Taylors & CO 1886 Ridge Runner Takedown Rifle in .45-70 ~ Gun Review

by Bob Shell
Bob reviews and shot tests the Taylors & CO 1886 Ridge Runner Takedown Rifle in .45-70 with good results.

Bob Shell reviews the Taylor 1886 Ridge Runner Take-Down 45-70
Bob Shell reviews the Taylors 1886 Ridge Runner Take-Down 45-70

U.S.A.-(Ammoland.com)- The 45-70 cartridge has been around for over 140 years and still is going as strong as ever with reproduction rifles like the Taylors & Co Inc. 1886 Ridge Runner Rifle.

Some folks wonder why such an old round is still very popular. One main reason is that it works. It started out as a black powder military round but, has changed with the times and today enjoys the technology that other arms enjoy. Most military rounds are successful due to the fact that components are available as are the guns. It doesn’t matter how good it may be but, the fact that the military used it at one time gives it a boost.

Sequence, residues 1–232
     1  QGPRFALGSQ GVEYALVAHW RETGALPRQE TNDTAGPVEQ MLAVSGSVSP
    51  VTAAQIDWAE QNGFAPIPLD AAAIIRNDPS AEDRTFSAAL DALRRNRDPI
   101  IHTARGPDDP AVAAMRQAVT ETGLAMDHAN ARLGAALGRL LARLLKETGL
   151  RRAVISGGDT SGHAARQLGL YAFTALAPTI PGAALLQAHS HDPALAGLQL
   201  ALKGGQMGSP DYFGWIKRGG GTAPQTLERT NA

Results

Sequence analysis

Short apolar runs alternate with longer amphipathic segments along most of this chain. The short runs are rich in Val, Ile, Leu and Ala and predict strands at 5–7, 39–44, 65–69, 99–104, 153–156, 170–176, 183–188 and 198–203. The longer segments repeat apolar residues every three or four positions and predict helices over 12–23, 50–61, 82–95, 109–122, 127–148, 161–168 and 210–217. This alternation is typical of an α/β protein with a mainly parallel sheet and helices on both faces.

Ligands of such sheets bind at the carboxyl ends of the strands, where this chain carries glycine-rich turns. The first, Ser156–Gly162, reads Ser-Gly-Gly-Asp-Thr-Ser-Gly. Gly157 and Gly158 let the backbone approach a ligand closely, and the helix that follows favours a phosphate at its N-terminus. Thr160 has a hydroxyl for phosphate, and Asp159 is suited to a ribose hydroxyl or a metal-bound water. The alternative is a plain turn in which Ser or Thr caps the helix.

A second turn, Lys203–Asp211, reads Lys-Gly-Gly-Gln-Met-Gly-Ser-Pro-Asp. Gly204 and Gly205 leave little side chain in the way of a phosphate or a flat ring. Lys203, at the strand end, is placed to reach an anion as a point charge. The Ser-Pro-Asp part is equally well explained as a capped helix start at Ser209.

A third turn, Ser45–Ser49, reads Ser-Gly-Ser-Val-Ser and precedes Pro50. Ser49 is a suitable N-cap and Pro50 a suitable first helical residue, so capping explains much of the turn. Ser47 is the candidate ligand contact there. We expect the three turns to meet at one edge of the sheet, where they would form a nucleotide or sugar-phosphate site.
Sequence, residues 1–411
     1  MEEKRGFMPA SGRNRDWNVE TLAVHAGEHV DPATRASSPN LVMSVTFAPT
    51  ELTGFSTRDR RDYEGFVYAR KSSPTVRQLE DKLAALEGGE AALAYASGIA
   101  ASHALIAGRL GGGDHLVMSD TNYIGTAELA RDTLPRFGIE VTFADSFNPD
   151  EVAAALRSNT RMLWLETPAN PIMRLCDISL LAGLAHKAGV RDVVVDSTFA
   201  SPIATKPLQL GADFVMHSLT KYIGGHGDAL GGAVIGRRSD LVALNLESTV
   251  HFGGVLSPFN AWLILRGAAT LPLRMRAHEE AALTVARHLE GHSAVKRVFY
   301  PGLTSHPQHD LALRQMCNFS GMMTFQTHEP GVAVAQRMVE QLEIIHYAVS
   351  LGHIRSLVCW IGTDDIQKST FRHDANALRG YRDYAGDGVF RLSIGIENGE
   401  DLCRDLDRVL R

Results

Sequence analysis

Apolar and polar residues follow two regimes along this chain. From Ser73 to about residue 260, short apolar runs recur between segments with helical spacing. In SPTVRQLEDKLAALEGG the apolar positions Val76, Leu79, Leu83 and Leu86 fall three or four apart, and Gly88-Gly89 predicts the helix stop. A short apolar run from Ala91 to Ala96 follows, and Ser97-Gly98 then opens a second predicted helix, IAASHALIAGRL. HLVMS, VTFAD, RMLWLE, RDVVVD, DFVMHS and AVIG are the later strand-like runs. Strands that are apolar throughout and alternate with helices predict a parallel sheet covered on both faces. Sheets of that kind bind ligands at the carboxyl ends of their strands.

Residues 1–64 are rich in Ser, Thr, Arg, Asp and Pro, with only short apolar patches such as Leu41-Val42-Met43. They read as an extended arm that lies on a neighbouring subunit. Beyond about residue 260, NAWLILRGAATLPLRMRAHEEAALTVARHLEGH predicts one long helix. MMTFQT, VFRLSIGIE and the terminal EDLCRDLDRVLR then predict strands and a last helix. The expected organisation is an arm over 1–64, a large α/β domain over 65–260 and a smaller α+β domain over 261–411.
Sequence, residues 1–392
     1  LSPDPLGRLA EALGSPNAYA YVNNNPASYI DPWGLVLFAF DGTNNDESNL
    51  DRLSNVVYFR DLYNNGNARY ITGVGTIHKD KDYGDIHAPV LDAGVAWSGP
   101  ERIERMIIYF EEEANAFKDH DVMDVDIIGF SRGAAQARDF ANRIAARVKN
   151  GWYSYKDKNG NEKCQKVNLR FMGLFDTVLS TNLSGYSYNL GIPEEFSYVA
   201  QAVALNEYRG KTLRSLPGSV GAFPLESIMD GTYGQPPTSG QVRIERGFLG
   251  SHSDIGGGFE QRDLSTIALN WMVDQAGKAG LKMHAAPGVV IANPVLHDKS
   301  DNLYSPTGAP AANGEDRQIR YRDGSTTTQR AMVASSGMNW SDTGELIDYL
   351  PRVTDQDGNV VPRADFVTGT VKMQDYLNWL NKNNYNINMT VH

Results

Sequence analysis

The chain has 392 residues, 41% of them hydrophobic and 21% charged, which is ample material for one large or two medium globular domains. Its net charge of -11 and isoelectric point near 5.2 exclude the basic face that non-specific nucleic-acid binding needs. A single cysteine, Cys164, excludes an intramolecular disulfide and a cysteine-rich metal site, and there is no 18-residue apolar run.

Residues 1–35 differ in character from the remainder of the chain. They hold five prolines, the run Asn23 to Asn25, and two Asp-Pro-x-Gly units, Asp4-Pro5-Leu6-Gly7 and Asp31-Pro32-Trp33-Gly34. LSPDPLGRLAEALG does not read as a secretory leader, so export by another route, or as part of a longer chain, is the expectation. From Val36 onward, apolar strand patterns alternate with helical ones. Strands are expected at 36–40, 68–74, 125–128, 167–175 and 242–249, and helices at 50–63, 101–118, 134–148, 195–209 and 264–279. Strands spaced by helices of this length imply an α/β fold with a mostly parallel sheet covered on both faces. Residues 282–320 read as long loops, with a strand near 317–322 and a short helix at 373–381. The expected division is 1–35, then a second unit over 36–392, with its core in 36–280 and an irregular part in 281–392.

Taylors & Company 1886 Ridge Runner Rifle in .45-70

This rifle is made in Italy by Chiappa and imported by Taylors. They have a wide variety of firearms available, I have purchased a couple through the years, and they always have been very good. For more info on Taylors you can go to www.taylorsfirearms.com One on my very favorites is the Smoke Wagon revolver in 44-40, but that is another article.

Early on, it became evident to me that the 45-70 was a good hunting round, capable of taking large game even with the available black powder loads. With that thought Winchester brought out a couple of rifles in that chambering. One was the model 86 which is a large well made lever action available in a number of chamberings including the 45-70. The model 86 is a strong rifle capable of taking modern loads, which increased its range and usefulness. Today a couple of companies make the model 86 in the 45-70.